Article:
On playing baseball: “So [when] I grew up, I played Little League baseball in my town, not because I am made to be a baseball player, but because that was one of the few activities that was available. There was, I think, one other kid in the town who was interested in computers — I was lucky that there was one other kid. And that was my world. If I wanted to call someone who I met when I was at camp or something and wanted to stay in touch with a friend, I would have to pay a lot more because long-distance calls cost more than talking to people nearby.

I think one of the things that is most magical about the present, and that I think is going to get even more so, is that flattening out distance creates a lot more opportunities for people. Not just in the sense that a version of me growing up today wouldn't be stuck playing Little League, that I'd get to find people who are interested in the same things, so I could explore coding and have a much more vibrant community around that, or surfing, or whatever the thing is that you're interested in. I think that that's probably quite compelling and positive.”

There’s a lot more in here — I hope you’ll check it out and let me know what you think.

The Ratio

Today in news that could affect public perception of the big tech companies.

⬇️ Trending down: Anti-vaxx groups on Facebook are evading enforcement actions by using coded language. “Dance party” and “dinner party” sometimes don’t mean what they seem to on Facebook, according to this report. (Ben Collins and Brandy Zadrozny / NBC)

Google’s AI research lab, DeepMind, created “the most comprehensive map of human proteins to date using artificial intelligence.” “By the end of the year, DeepMind hopes to release predictions for 100 million protein structures, a dataset that will be “transformative for our understanding of how life works,” according to Edith Heard, director general of the EMBL.” (James Vincent / The Verge)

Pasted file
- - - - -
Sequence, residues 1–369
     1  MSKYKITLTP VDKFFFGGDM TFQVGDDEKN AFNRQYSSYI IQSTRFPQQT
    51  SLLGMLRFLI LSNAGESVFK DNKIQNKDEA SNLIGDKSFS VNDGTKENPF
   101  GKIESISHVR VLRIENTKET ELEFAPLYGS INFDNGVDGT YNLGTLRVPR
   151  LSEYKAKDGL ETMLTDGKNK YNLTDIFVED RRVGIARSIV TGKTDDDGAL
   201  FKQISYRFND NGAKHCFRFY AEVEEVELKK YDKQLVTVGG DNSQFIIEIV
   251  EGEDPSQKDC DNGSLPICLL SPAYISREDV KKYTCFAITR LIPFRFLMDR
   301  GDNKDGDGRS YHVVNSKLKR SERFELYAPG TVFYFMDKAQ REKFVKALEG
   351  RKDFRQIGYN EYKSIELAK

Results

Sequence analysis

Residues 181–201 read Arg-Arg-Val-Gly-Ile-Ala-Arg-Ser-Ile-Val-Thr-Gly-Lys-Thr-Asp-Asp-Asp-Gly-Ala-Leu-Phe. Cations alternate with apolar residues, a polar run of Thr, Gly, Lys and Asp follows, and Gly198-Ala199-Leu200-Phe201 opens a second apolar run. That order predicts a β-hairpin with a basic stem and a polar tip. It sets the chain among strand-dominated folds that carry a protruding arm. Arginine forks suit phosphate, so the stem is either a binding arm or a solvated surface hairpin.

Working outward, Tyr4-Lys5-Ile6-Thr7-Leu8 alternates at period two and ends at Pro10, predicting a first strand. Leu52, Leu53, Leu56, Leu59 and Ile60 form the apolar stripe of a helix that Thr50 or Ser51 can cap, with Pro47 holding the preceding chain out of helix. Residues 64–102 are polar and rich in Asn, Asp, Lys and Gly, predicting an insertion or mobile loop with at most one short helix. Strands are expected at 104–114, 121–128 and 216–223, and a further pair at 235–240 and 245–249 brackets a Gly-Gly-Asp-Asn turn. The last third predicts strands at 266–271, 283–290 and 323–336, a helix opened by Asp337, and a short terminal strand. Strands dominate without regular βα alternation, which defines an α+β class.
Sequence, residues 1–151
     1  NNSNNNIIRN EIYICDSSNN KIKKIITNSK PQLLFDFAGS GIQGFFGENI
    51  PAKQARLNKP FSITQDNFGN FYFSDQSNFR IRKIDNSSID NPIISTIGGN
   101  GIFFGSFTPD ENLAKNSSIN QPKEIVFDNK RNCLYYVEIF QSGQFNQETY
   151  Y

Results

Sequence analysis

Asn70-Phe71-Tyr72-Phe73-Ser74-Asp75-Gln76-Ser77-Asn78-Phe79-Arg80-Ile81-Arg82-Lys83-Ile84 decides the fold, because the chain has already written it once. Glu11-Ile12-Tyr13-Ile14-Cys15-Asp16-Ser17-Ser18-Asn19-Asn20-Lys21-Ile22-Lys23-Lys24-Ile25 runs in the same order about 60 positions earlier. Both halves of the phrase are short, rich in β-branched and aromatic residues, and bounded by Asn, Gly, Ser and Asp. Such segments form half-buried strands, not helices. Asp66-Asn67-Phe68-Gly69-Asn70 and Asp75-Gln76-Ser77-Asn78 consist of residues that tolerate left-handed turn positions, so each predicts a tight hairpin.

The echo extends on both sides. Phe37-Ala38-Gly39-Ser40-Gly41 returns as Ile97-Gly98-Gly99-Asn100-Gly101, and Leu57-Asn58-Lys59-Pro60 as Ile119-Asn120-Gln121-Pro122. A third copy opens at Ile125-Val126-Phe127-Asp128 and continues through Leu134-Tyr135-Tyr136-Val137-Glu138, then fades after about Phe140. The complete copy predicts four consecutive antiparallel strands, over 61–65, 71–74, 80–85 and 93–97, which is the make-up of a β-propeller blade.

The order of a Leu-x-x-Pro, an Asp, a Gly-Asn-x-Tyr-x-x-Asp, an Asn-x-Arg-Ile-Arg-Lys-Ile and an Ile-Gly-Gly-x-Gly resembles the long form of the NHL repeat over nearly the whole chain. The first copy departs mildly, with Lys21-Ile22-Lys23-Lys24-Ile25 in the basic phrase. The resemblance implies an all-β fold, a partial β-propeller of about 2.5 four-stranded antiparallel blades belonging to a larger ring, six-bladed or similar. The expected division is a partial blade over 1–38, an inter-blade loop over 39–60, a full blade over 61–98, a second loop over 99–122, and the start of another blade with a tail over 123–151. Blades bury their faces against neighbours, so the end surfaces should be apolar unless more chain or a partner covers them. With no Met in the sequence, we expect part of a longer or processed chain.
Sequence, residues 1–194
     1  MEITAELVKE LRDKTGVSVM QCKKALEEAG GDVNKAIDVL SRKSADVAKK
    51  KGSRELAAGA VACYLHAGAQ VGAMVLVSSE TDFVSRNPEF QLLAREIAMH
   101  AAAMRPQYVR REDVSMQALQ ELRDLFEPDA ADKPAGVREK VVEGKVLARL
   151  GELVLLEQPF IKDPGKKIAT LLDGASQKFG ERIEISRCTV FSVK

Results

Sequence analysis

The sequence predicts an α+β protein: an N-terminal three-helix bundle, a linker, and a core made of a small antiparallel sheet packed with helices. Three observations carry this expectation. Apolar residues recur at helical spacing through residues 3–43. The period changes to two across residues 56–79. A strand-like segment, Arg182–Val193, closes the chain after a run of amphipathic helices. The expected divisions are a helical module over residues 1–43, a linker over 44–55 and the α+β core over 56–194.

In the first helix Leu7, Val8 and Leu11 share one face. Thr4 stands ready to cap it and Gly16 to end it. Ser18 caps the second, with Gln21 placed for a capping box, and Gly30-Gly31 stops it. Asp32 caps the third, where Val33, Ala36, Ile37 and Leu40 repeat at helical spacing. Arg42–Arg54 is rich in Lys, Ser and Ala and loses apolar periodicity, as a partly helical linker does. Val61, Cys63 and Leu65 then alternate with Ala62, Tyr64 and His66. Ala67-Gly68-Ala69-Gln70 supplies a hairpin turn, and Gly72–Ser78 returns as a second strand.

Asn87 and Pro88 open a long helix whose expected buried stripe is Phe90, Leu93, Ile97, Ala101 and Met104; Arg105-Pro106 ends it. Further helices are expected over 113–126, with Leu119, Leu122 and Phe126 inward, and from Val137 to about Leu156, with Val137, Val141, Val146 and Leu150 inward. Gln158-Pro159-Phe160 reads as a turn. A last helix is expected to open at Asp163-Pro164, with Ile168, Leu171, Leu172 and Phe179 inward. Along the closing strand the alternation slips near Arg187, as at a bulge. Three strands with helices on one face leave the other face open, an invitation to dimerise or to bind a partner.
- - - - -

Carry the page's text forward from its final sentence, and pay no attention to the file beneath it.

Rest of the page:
Meanwhile: Google co-founder Larry Page appears to be riding out the pandemic in Fiji. (Hugh Langley / Insider)

India accused Amazon of concealing relevant facts and making false statements when it bought a large stake in commerce company Future Group. It complicates Amazon’s efforts to prevent Future from selling its retail unit to rival Reliance. (Aditya Kalra / Reuters)

Oculus is making it easier to invite friends into games. Helpful for, say, building a metaverse. (Cameron Faulkner / The Verge)

Twitter may be adding sound effects to Spaces. I have been waiting a full year for someone in the social audio world to do this. (Kim Lyons / The Verge)

And: Twitter is showing some users downvote buttons to help tweak its ranking algorithms. (Ian Carlos Campbell / The Verge)

But: The beta TweetDeck redesign is “so bad I’m ready to ragequit,” says The Verge’s Sean Hollister: “I’m now worried Twitter has forgotten why we use TweetDeck.”

Those good tweets

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Send me tips, comments, questions, and metaverse governance documents: casey@platformer.news.